Guest Characters: Sara Lance/Canary, Sebastian Blood, Malcolm Merlyn, Shado, Adam Donner, Cyrus Gold/The Acolyte, Officer Daily, Jean Loring, Anthony Ivo, The Captain, The Count (Seth Gabel), Kate Spencer (Chelah Horsdal), Barton Mathis/The Dollmaker (Michael Eklund), The Butcher (Ron Selmour)

From Matt’s Review: “As the midseason finale has become a television standard, this chapter felt like a prelude and primer to that forthcoming milestone. It closes off some plots while spinning new stories out of consequences. […] At first blush a seemingly standard episode, the hour epitomizes the complexity and density of the storytelling this season.” (more)

From Derek’s Second Opinion: “While not yet the winter finale, ‘State v. Queen’ definitely has shades of being a massive turning point or tentpole episode, akin to last season’s ‘Year’s End’ or ‘Dead to Rights’. At that, it also means it’s a packed affair, stuffed with surprises and big changes, and easily one of the best of the season so far.” (more)

There’s a minor complaint to be had in Moira’s trial moving so quickly after the slow, methodical pace leading up to it. A trial like this could easily have gone on for months and would’ve more naturally fit with how they’re telling the story. Yet, this wasn’t about the trial. This was about moving pawn pieces and trying to keep revelations hidden, and it’s all rather dense, intricate work.

Funny enough, the two big reveals here were both inevitable and somewhat anticlimatic. There always seemed to be more than a little something between Malcolm and Moira, which makes the brief affair not much of a shock. Though I can understand the impetus behind discrediting her defense, that this was Donner’s big smoking gun was a bit oversold. Frankly, I’m surprised that Donner hadn’t learned about Thea, which would’ve made an even more impressive splash in the case.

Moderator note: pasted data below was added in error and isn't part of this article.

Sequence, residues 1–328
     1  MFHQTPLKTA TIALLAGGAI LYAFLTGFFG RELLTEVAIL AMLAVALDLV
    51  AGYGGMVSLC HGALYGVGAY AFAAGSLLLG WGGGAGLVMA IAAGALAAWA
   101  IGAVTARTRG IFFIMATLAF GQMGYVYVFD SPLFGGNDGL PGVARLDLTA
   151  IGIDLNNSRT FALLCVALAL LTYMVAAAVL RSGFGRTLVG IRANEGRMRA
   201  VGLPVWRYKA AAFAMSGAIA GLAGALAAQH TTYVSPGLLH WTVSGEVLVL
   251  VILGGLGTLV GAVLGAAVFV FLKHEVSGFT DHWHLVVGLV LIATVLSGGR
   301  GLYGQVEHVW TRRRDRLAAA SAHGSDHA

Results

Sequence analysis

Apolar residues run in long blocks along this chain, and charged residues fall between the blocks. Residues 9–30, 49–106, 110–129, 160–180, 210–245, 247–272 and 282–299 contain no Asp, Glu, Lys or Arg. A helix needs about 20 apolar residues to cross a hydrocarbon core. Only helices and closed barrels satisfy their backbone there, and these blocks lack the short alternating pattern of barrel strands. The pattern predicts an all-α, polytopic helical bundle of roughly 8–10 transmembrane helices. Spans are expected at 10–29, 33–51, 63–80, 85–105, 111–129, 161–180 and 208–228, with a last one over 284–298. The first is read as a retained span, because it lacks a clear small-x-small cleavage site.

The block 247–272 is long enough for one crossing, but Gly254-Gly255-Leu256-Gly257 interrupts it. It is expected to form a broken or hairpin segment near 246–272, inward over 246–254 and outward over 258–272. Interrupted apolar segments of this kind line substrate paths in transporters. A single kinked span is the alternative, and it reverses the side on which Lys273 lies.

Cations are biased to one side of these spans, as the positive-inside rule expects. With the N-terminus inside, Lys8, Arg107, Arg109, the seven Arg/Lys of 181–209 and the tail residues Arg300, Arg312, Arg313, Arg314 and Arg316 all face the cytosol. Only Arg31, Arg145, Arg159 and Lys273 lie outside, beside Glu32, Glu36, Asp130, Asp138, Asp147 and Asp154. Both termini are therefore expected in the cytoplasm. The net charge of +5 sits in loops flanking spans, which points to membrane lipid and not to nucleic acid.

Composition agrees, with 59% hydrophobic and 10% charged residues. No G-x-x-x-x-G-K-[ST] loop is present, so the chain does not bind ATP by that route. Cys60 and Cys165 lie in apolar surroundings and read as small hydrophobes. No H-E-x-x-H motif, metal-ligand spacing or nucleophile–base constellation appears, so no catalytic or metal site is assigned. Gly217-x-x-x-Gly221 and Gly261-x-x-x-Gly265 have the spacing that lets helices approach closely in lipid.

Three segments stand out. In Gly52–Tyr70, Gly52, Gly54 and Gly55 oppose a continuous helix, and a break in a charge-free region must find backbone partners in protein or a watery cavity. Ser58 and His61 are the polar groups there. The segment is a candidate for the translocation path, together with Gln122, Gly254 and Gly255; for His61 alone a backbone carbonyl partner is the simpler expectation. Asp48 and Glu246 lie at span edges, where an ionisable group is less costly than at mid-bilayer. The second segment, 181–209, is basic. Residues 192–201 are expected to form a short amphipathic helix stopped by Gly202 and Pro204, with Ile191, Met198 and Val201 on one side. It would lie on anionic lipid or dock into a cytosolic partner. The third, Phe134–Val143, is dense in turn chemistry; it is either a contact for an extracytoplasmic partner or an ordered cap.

Pitting Laurel against Moira, at least in a legal sense, was often an intriguing impulse, and it gives Cassidy good stuff to work with. In particular, being put in the position to try the case as laid about by the DA’s office rather than herself and having to use information of the affair when it would harm this woman she’s known and been close to for a long time. These kinds of character-based dilemmas always add a powerful extra hand to the story.

That Thea could be Malcolm’s daughter never really felt like a stretch, and the character possibilities that provides left a lot of promise for the season. The only downside of it all is that it took till the end of the season to start exploring it. Now, we have Season 3 to look forward to.


Number 9: “Heir to the Demon”

Heir to the Demon

Season Episode: 2.13
Series Episode: 36
Original Airdate: February 5, 2014
Credits: Coburn (writer); Stanzler (director)
Synopsis: Nyssa Raatko, daughter of Ra’s al Ghul, head of the League of Assassins, leads a group to retrieve Sara. The pursuit is extra charged because Nyssa and Sara were lovers, and Nyssa feels jilted by Sara’s disappearance. Nyssa poisons Laurel and kidnaps Dinah to coerce Sara to return to Nanda Parbat. She agrees but collapses when her mother is free, having fatally poisoned herself. Oliver saves her with herbs from the island, and Sara explains why she left the league. Nyssa agrees to free Sara from her bond.